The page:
Fuming French farmers pile pressure on Paris

Fuming French farmers pile pressure on Paris

Farmers have been blocking motorways across France
Farmers have been blocking motorways across France. Photo: Frederick FLORIN / AFP/File
Source: AFP

France's government scrambled on Thursday to come up with answers to farmers blocking motorways and demonstrating at public buildings across the country, after a fuel tax rise detonated long-standing resentments.

It is a first crisis for recently-installed Prime Minister Gabriel Attal, who summoned his economy, environment and agriculture chiefs for a meeting to decide on aid measures and fend off a possible blockade of the capital.

With Paris under pressure to defuse tensions just months ahead of key European Parliament polls, government sources told AFP that initial responses to rural unions' demands could be announced Thursday or Friday.

Farmers were out in force on many motorways, city ring roads and traffic roundabouts nationwide following the death Tuesday of a farmer and her daughter at a roadblock.

"We're caught in a pincer effect between rising costs and falling prices for our produce," said Dominique Kretz, a wheat, corn and beetroot farmer among several hundred blocking the M35 motorway near eastern city Strasbourg.

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Some routes were blocked around southern city Avignon and towards Mediterranean port Marseille, according to traffic information website Bison Fute.

And in western city Bordeaux, around 15 tractors launched a go-slow in both directions around the ring road.

'Big risk'

Farmers say they are being squeezed from multiple directions, with buyers from supermarkets and the food industry crushing their margins and complex environmental rules on issues like leaving land fallow and pesticide use.

The last straw for many was the government's move to eliminate a tax break on diesel fuel for their farm equipment -- despite an attempt to soften the blow by phasing it out between now and 2030.

A new rebate on the diesel tax could be one of the government's measures, while some lawmakers have even called for minimum prices for produce.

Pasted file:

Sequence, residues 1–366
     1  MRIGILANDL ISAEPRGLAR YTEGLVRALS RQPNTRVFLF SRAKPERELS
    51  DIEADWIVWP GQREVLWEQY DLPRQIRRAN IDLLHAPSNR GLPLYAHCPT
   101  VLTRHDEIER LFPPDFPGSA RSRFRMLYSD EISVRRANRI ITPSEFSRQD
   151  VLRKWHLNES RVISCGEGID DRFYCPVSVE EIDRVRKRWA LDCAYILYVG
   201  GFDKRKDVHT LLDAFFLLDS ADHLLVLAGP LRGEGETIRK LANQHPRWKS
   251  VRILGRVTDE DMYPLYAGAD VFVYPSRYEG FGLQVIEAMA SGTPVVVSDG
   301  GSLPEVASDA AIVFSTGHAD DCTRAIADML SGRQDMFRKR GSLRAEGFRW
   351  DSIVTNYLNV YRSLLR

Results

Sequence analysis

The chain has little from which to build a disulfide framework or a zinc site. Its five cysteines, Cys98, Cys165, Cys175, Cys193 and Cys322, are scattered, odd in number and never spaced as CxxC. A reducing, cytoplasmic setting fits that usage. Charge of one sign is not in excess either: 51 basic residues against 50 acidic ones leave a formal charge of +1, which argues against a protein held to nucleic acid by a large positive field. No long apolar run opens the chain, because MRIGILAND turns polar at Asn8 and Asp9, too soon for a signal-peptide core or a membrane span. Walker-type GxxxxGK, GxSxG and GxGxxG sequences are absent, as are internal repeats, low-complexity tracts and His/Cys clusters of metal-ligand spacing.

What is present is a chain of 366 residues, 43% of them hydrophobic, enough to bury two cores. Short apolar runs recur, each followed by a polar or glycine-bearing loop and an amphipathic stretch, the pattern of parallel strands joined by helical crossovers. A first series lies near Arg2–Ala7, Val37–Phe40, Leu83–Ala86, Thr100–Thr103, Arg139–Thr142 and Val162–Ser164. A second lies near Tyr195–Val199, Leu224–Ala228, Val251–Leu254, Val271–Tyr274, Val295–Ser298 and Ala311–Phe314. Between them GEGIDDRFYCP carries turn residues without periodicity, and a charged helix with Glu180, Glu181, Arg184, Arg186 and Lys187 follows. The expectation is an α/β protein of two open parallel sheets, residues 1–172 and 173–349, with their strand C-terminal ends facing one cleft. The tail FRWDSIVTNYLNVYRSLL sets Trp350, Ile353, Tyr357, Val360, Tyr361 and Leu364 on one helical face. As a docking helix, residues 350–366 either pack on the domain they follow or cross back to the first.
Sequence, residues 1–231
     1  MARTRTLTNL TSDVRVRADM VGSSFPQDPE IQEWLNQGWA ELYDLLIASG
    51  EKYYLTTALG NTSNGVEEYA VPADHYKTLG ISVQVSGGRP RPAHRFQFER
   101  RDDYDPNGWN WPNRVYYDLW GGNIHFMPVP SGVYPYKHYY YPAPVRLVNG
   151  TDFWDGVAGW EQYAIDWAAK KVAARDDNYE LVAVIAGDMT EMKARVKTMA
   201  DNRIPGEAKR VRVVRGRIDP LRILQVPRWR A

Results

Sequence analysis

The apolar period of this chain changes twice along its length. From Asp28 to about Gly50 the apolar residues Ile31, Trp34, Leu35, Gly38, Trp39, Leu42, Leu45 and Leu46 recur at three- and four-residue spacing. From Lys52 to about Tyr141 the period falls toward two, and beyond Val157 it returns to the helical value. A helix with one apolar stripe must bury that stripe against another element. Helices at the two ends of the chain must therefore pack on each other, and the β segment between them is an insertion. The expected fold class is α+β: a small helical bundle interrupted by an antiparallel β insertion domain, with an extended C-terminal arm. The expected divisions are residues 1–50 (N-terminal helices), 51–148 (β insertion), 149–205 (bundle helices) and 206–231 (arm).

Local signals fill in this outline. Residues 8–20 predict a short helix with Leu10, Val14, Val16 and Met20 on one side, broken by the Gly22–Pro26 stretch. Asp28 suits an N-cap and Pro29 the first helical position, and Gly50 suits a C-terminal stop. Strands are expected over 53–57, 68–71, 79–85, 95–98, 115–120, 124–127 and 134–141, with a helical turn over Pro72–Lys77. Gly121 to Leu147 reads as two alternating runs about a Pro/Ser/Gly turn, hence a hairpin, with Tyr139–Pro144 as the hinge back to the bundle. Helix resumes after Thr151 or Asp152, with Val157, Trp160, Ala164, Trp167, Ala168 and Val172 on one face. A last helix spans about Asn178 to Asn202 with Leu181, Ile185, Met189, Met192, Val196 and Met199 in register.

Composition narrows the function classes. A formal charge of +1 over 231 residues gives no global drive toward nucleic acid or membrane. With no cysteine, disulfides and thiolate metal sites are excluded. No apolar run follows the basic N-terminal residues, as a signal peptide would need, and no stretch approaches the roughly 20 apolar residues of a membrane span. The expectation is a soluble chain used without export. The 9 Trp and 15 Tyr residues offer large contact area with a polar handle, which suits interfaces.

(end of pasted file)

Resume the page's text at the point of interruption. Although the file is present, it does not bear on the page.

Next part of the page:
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Tractor rallies and go-slow protests have become a common sight
Tractor rallies and go-slow protests have become a common sight. Photo: Damien MEYER / AFP/File
Source: AFP

For the government, "it would be a big risk to wait until Friday to announce something," warned Karine Duc, co-president of the Coordination Rurale union in the western Lot-et-Garonne department.

Top farmers' union FNSEA called late Wednesday for "immediate answers on pay", including urgent assistance for "sectors worst hit by the crisis" -- and in the long term, launching "a project to reduce regulations".

"We are talking about several hundred million euros," FNSEA chief Arnaud Rousseau told AFP.

The protests have made for a rare alliance between rival farmers' unions, with left-wing Confederation Paysanne joining the heavyweight FNSEA and Coordination Rurale.

'No plans' to blockade Paris

President Emmanuel Macron's government is at pains to avoid a repeat of the 2018-19 "yellow vests" protests -- also triggered by a rise in diesel prices -- that saw massive mobilisation and clashes with police.

Ministers have also eyed nervously previous mass turnouts on similar issues by farmers in Germany, Poland and the Netherlands.

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In Brittany's capital Rennes, fishermen could join the farmers at a demonstration outside the region's prefecture in a sign of bubbling frustration in other sectors boiling over.

Much of fishing has been banned for a month along much of France's Atlantic coast in a measure to protect dolphins and porpoises, at an estimated cost of tens of millions of euros to the 450 ships affected.

In a sign the government hopes to keep tensions low, Interior Minister Gerald Darmanin on Wednesday ordered local authorities to exercise "great restraint" and deploy police only as a "last resort".

Union representatives in Bordeaux said Thursday their protest would be "more respectful" than Wednesday's in nearby Agen, in which tyres and straw were burned outside the prefecture.

Speaking at a blockade on the A16 motorway, FNSEA head Rousseau said "at this stage" there were no plans to blockade Paris.

But Regis Desmureaux, his lieutenant for the Oise department north of the capital, told broadcaster BFMTV that "we're moving forward about 20 kilometres (12.5 miles) a day and we'll definitely be on Paris' doorstep on Friday or Saturday".

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Farmers driving tractors ran another go-slow operation early Thursday on the N12, a major road running west of the capital.

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Source: AFP

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